While the discovery of huge natural gas and oil assets in Israel’s and Cyprus’ adjoining Exclusive Economic Zones (EEZs) laid the foundations for wide-ranging cooperation between the two countries in the areas of economy, energy, and defense, it unveiled big challenges and prospects at the same time, says political scientist and Geopolitical Information Service (GIS) author Dr. Andreas Stergiou.
In order to monetize both the natural reserves in Cyprus’ EEZ and a part of the Israeli fields, the same parties signed a statement of intent in June 2013 for the development of an onshore natural gas liquefaction terminal at Vasilikos in Cyprus, aiming to store the fuel for further transport to Europe. However, this enterprise faces some very serious challenge, says Dr. Stergiou.
“First, the combined cost for the liquefaction plant and the offshore pipeline varies between US$8 and US$10 billion, of which Cyprus may decide to finance 51%. In this case, it is very unlikely that the nearly bankrupt island-state will be able to find the money,” he notes.
Another very attractive option could be the construction of a pipeline connecting Greece, Cyprus, and Israel. This choice would be, from a geopolitical point of view, the most important factor in the process of consolidating a true axis between the three non-Muslim democracies of the eastern Mediterranean.
“However, apart from the immense costs and technical difficulties associated with this project, the geostrategic preconditions for implementing it do not currently exist, as an agreement between Greece and Egypt on the delimitation of their respective EEZs has not yet been achieved,” he says.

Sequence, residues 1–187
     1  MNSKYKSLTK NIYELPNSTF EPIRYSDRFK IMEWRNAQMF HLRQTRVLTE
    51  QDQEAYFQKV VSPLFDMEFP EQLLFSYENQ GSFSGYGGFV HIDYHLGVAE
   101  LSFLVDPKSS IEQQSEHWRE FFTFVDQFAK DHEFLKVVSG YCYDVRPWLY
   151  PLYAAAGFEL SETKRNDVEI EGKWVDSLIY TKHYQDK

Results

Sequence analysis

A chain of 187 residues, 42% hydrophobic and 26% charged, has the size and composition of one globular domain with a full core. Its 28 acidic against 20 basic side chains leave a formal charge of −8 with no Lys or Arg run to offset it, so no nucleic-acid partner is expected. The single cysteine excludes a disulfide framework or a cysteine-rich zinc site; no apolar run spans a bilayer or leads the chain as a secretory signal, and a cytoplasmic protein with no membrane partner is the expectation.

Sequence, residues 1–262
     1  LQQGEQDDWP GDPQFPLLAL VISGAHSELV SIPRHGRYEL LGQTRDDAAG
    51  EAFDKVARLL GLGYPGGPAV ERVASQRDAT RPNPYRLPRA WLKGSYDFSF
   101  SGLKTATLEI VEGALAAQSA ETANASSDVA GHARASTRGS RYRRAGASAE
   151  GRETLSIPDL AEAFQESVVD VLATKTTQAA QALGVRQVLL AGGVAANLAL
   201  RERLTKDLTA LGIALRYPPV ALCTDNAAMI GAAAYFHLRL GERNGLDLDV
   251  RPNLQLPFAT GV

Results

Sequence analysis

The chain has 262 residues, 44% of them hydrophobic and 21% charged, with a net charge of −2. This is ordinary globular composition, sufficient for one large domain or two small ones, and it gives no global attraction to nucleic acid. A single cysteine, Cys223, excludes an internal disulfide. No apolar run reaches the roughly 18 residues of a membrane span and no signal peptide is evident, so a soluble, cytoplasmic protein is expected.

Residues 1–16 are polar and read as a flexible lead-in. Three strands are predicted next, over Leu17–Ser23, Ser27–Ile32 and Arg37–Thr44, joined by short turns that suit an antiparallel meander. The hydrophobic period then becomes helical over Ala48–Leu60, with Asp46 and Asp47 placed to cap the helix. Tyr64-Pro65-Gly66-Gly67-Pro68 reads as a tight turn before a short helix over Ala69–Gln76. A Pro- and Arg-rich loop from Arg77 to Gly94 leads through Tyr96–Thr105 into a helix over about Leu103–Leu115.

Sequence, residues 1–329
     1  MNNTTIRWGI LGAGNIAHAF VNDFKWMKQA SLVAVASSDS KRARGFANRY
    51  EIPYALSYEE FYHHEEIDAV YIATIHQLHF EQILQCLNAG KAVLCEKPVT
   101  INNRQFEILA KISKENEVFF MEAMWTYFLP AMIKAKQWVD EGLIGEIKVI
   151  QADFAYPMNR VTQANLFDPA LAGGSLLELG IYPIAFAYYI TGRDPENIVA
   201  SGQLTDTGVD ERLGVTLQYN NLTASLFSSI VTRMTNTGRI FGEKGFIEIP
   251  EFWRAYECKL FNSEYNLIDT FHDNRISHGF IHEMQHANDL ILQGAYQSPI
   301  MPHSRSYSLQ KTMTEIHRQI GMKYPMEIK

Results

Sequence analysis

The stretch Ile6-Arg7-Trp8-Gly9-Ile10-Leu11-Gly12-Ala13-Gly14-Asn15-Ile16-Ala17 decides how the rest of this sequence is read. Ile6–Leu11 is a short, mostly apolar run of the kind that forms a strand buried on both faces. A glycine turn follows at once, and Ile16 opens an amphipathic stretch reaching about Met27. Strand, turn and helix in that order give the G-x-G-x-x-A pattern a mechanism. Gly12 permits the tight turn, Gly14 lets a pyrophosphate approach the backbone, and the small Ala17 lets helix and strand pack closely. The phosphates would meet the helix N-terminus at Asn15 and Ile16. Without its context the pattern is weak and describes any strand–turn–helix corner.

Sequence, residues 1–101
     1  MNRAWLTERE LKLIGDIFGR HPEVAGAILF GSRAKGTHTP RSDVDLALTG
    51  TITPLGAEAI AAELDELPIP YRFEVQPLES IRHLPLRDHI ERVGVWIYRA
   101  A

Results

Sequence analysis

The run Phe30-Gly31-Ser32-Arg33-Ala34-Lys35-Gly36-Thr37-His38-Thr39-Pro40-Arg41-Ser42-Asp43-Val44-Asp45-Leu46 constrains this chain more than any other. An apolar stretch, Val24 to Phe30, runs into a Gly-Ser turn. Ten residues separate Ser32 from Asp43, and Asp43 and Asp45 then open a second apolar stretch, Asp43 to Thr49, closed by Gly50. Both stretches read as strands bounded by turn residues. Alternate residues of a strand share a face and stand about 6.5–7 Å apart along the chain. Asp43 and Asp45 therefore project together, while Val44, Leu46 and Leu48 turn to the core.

Meanwhile, the private companies involved in the exploitation of Cypriot gas are pushing for another unlikely option: constructing a pipeline to Turkey with the permission of the Nicosia government – which would be much cheaper – and using some of the pipeline’s early revenue to finance the Cypriot terminal.
“No serious politician in Cyprus would consider that, because it would mean indirectly recognizing the northern portion of the island, occupied by Turkey, without any guarantee that the profits would actually go toward building a liquefaction plant,” comments Dr. Stergiou.
Tensions over Cyprus pose the main obstacle to improving diplomatic ties between Ankara and Israel, as well as energy cooperation between the Jewish state and Cyprus.
He adds, “Although a reconciliation agreement between Turkey and Israel must be taken for granted in the near future, it is very unlikely that the resumed negotiations over Cyprus will lead to a solution and to the trilateral cooperation on energy which so many international powers would like.”